The Battle of the Alamo  was a pivotal event in the Texas Revolution. Following a 13-day siege from February 23 – March 6, 1836, Mexican troops under President General Antonio López de Santa Anna launched an assault on the Alamo killing all of the defenders. Here are a few things you may not know about the Alamo's history...

Santa Anna's cruelty during the battle inspired many Texians—both Texas settlers and adventurers from the United States—to join the Texian Army. Set on revenge, the Texians defeated the Mexican Army at the Battle of San Jacinto, on April 21, 1836, ending the revolution.

Erected in 1724, the Alamo was the first of five missions in the area. It had one of the first hospitals in Texas.

It was once used as a post for the Confederate Army.

At one point in its history, the city of San Antonio, the Catholic Church and the U.S. federal government all claimed ownership of the Alamo.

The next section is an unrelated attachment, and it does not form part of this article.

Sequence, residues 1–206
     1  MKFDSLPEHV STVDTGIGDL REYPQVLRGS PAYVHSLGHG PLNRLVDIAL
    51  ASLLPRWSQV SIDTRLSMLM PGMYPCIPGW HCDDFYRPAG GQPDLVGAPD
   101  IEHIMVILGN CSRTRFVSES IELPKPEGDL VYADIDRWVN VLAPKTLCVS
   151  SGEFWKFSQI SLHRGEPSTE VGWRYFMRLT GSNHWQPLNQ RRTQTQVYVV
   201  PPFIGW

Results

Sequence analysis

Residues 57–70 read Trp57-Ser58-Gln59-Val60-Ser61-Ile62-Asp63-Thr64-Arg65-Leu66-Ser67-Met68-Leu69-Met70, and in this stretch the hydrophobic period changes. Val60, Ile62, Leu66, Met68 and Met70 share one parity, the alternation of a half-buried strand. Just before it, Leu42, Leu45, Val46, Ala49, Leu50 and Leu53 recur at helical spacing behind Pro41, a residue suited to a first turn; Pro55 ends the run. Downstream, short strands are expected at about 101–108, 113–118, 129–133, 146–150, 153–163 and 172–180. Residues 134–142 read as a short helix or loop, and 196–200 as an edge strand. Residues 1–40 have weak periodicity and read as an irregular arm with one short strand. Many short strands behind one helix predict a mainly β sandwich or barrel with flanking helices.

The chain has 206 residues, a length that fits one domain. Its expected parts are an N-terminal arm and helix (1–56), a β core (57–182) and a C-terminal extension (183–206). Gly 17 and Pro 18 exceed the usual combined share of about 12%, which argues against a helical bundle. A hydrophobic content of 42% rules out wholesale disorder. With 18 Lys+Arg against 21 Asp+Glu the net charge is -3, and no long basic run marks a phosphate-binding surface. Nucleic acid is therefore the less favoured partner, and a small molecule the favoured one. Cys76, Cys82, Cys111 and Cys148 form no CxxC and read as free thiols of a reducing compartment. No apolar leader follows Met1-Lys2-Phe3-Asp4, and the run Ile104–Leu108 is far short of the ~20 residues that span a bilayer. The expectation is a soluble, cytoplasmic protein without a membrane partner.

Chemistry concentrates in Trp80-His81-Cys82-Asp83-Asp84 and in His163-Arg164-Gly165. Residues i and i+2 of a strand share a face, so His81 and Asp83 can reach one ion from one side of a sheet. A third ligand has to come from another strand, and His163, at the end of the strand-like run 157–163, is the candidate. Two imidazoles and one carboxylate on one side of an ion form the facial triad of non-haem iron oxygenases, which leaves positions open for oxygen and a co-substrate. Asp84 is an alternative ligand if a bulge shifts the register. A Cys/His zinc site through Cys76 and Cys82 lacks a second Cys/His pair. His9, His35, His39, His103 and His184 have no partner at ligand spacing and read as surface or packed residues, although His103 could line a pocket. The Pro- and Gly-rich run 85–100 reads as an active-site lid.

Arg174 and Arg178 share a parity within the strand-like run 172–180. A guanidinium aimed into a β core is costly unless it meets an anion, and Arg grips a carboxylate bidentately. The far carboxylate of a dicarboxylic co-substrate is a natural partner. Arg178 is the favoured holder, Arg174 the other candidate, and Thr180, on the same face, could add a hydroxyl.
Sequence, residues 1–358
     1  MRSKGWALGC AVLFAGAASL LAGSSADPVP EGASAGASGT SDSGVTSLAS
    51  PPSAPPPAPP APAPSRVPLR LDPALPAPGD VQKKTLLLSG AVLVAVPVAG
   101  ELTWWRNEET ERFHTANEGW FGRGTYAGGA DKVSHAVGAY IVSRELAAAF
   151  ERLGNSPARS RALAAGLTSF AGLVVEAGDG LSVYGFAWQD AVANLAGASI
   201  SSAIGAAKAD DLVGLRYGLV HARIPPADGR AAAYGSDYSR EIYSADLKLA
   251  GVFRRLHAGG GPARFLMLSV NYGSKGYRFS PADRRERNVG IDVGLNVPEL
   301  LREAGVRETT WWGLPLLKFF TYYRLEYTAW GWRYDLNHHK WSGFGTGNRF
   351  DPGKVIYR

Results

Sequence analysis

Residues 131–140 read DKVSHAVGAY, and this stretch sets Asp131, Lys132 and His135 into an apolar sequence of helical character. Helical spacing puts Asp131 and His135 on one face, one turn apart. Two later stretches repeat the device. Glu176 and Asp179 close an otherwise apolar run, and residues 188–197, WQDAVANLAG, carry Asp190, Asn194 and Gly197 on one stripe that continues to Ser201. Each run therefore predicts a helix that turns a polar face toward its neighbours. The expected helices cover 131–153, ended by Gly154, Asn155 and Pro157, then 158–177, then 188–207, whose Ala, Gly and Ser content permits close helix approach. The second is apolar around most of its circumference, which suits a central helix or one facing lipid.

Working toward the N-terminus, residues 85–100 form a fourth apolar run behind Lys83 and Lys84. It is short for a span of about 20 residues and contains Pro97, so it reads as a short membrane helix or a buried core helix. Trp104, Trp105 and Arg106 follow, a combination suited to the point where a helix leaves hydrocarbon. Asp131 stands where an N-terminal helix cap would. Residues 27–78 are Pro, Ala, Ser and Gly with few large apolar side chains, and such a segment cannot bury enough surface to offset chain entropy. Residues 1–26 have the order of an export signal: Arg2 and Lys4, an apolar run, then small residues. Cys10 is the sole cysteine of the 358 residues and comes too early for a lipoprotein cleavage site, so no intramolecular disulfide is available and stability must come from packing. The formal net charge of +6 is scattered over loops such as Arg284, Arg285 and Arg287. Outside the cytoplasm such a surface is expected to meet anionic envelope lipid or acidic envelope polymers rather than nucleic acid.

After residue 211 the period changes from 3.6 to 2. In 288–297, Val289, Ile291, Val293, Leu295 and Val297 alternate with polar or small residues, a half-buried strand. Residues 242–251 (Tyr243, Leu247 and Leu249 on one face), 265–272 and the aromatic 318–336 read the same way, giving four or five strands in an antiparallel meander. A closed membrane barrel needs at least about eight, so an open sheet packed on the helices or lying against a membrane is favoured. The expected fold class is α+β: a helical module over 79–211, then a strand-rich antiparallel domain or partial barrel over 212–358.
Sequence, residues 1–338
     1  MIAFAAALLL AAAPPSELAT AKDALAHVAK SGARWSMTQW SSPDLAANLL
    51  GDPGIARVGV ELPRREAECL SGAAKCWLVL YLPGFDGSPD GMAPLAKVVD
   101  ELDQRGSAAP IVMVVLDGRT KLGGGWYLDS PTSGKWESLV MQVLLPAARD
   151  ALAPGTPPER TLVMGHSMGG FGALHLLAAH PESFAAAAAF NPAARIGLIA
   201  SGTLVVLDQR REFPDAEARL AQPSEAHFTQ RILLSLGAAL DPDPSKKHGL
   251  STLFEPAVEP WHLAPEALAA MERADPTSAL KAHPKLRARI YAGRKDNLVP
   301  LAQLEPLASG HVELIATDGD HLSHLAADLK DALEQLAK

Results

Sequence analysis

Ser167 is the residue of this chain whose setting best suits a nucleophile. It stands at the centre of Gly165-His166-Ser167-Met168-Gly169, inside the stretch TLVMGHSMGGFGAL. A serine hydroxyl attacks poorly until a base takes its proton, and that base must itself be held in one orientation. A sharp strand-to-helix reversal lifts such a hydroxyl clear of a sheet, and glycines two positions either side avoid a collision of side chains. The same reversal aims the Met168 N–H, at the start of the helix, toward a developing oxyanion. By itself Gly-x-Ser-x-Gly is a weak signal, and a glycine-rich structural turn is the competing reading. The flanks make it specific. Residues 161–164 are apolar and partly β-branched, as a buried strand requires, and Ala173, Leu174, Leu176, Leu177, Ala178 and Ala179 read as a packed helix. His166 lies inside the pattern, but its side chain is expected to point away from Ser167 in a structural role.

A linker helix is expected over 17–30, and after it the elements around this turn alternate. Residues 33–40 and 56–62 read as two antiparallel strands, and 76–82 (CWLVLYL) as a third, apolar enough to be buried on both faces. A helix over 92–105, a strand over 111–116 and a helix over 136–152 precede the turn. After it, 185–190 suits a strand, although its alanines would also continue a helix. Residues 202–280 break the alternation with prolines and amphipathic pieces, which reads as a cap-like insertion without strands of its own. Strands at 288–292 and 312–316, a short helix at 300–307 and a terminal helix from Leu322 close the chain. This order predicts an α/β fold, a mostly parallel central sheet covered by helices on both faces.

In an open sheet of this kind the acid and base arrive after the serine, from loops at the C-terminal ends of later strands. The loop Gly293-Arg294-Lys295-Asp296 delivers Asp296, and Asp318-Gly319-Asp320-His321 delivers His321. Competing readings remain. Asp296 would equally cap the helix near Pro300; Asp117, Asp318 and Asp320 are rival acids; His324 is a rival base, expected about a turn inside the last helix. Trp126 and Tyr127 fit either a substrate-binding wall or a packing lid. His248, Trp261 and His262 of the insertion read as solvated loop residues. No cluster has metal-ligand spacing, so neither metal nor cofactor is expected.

Alamo is the Spanish word for “cottonwood,”

The original walls around the Alamo are long gone. The stone walls and arches there today were built in the 1920s.

The shrine’s private police force is the Alamo Rangers. A former security chief of the Alamo Rangers has claimed to have seen ghosts at the shrine.

Martin Leal is owner of Alamo City Paranormal and a local ghost hunter. There is a legend that spirits of mission friars, American Indians, Mexican soldiers and Alamo defenders haunt the area.

What took place at the Alamo on this day (March 6th, 1836) is a haunting memory of the courageous and overwhelmingly outnumbered defenders of the Alamo and the stand they took for what they believed in!



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